4.24 {THIRSTday} Wrinkle in Time GN

Today is Thursday THIRSTday: A beverage and a book.

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This Graphic Novel—special ordered—is very cool. It’s impressive how Larson is able to take a classic book and capture it in this medium. I’m reading it along with a cup of black coffee in the original Nerdy mug.

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3.3 It’s Monday! What are you reading?

A new week, a new batch of books—both finished and being read. Today is…

Ring-the-Bell Monday & It’s Monday! What Are You Reading?

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This meme is originated by Jen and Kellee at TeachMentorTexts. Thanks!

{Celebrating the books we’ve read in the past week & the titles we are currently reading.}

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A whole bunch of argument essays.
Have you had one of those weeks where you didn’t have as much time to read as you wanted?
I think I have one more of those coming up. Then I’m ready to dig back in.

§

What were PARENTS reading last week? Let’s check it out… 
(Thank you, commenters, for contributing to our book awareness. Reading is not a “school thing”.)

For every parent who leaves a comment on TODAY’S POST with what you’re reading, I’ll give your child a BUSTED ticket…

§
[Check back throughout the day for updates of my students’ reading.]
These past week, my 1&2 Class read
25 books
and are reading these books:
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My 6&7 Class read
14 books
and are reading these books:
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My 9&10 Class read
22 books
and are reading these books:
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My church is doing a church-wide book read. This is my “book club” book.
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Thanks,
David Etkin

2.24 It’s Monday! What are you reading? #ImpossibleKnife #BoyOnTheWoodenBox

A new week, a new batch of books—both finished and being read. Today is…

Ring-the-Bell Monday & It’s Monday! What Are You Reading?

20120117-111701.jpg 20120819-185816.jpg

This meme is originated by Jen and Kellee at TeachMentorTexts. Thanks!

{Celebrating the books we’ve read in the past week & the titles we are currently reading.}

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A haunting look at the effects of war and post traumatic stress disorder (PTSD) on soldiers who are trying to return to a normal life. Andy Kincaid, an Iraq war hero, has become a victim of the war he waged. As the war continues to rage inside him, his daughter becomes the collateral damage. This is a difficult and touching look inside the lives of these characters. It’s difficult to see Hayley struggle with taking on a parenting role to her own father whose mood swings and behavior are unpredictable and destructive.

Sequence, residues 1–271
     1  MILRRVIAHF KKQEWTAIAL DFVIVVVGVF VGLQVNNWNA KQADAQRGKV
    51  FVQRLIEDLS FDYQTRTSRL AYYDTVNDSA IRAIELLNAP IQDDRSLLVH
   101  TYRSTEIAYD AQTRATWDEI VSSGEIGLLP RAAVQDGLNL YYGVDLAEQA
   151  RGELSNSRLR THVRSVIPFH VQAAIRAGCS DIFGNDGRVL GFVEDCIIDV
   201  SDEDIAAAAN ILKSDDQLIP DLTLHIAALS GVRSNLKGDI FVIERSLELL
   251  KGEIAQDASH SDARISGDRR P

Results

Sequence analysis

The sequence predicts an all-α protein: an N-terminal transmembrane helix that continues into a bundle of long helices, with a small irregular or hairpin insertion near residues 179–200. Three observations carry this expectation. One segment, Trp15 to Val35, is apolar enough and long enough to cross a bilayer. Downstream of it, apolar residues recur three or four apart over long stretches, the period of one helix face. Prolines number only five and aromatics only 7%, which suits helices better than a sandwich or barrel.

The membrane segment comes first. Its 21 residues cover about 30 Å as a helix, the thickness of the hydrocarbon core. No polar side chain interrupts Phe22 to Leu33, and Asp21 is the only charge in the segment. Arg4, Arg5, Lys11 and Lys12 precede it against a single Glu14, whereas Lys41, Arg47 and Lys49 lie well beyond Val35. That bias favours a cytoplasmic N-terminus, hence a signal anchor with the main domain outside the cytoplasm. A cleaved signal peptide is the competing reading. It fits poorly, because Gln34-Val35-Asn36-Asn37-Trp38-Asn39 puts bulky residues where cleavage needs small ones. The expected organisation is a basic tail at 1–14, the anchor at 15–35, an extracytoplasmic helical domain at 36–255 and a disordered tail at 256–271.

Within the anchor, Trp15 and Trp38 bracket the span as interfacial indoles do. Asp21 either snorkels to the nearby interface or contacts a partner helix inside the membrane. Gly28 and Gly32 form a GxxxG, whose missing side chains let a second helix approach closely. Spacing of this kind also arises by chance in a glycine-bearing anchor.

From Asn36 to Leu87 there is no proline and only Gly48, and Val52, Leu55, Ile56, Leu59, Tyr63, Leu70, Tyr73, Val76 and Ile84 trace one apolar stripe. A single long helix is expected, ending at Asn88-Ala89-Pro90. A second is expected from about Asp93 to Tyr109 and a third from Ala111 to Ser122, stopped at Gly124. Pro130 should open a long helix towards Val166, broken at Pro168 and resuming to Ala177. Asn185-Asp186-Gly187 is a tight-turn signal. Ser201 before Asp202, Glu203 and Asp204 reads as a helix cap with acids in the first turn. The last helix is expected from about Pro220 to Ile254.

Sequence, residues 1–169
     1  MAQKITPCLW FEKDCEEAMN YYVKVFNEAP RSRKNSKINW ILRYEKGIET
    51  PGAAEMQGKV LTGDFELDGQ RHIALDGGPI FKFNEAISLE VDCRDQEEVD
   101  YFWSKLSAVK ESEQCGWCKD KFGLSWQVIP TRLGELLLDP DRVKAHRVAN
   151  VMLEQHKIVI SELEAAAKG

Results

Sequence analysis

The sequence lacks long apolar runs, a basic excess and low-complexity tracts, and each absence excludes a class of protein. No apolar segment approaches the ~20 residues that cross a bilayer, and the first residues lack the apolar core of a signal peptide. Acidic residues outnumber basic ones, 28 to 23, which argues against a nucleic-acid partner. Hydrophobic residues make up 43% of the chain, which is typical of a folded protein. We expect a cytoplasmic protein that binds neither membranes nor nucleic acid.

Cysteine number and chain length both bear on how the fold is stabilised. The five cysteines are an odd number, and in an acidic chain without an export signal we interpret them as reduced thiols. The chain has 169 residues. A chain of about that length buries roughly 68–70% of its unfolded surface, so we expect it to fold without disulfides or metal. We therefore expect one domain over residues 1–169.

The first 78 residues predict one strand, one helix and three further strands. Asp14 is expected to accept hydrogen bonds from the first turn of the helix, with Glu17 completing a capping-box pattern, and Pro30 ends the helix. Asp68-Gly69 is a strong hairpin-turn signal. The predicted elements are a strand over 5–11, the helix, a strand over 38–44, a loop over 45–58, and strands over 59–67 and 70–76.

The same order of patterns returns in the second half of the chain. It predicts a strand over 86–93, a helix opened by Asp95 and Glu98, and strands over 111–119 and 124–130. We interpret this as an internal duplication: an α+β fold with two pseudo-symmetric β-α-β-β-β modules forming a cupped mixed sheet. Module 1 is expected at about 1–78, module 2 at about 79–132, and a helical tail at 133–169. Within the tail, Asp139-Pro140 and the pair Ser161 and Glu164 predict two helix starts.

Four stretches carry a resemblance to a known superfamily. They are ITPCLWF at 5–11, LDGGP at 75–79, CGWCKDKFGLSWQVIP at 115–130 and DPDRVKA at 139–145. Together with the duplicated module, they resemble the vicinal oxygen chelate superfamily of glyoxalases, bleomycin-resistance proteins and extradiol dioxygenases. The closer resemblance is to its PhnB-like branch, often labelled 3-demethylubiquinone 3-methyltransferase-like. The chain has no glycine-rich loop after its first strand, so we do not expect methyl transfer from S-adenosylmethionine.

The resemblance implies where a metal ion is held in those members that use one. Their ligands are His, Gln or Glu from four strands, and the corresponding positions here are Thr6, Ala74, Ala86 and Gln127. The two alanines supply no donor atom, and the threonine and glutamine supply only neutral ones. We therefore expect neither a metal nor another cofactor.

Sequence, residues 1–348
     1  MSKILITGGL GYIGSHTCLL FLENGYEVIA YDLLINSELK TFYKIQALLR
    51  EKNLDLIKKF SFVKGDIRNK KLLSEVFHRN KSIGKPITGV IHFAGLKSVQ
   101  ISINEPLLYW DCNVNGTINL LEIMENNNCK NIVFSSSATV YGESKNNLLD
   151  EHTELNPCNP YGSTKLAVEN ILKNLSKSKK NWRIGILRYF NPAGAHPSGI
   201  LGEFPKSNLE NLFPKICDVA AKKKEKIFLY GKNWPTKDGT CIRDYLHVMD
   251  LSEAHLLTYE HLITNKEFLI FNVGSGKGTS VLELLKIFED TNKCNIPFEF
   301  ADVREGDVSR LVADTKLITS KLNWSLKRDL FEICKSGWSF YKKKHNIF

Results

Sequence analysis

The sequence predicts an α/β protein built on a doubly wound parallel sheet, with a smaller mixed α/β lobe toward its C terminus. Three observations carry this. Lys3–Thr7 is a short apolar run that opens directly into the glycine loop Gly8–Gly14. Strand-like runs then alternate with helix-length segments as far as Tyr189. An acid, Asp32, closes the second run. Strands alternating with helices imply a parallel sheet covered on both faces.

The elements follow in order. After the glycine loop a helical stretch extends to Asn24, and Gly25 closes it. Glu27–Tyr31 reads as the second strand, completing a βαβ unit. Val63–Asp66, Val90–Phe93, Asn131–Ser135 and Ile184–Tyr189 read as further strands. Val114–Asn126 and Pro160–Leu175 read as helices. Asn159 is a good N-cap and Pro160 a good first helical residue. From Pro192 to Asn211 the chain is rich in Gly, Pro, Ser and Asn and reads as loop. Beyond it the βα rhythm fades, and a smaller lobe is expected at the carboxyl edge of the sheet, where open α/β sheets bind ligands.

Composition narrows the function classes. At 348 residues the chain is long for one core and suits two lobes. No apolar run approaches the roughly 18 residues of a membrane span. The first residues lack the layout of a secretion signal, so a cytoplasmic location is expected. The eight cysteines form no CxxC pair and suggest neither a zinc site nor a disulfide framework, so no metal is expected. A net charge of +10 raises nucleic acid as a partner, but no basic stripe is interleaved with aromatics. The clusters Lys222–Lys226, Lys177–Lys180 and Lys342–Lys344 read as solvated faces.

For the past five years, Hayley Kincaid and her father, Andy, have been on the road, never staying long in one place as he struggles to escape the demons that have tortured him since his return from Iraq. Now they are back in the town where he grew up so Hayley can attend school. Perhaps, for the first time, Hayley can have a normal life, put aside her own painful memories, even have a relationship with Finn, the hot guy who obviously likes her but is hiding secrets of his own.Will being back home help Andy’s PTSD, or will his terrible memories drag him to the edge of hell, and drugs push him over? The Impossible Knife of Memory is Laurie Halse Anderson at her finest: compelling, surprising, and impossible to put down.

Here is a great interview with Mrs. Anderson on NPR:
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For anyone who read and was moved by Prisoner B-3087, this would be a great companion:
In the #1 New York Times bestseller, Leon Leyson (born Leib Lezjon) was only ten years old when the Nazis invaded Poland and his family was forced to relocate to the Krakow ghetto.Leon Leyson (born Leib Lezjon) was only ten years old when the Nazis invaded Poland and his family was forced to relocate to the Krakow ghetto. With incredible luck, perseverance, and grit, Leyson was able to survive the sadism of the Nazis, including that of the demonic Amon Goeth, commandant of Plaszow, the concentration camp outside Krakow. Ultimately, it was the generosity and cunning of one man, a man named Oskar Schindler, who saved Leon Leyson’s life, and the lives of his mother, his father, and two of his four siblings, by adding their names to his list of workers in his factory—a list that became world renowned: Schindler’s List.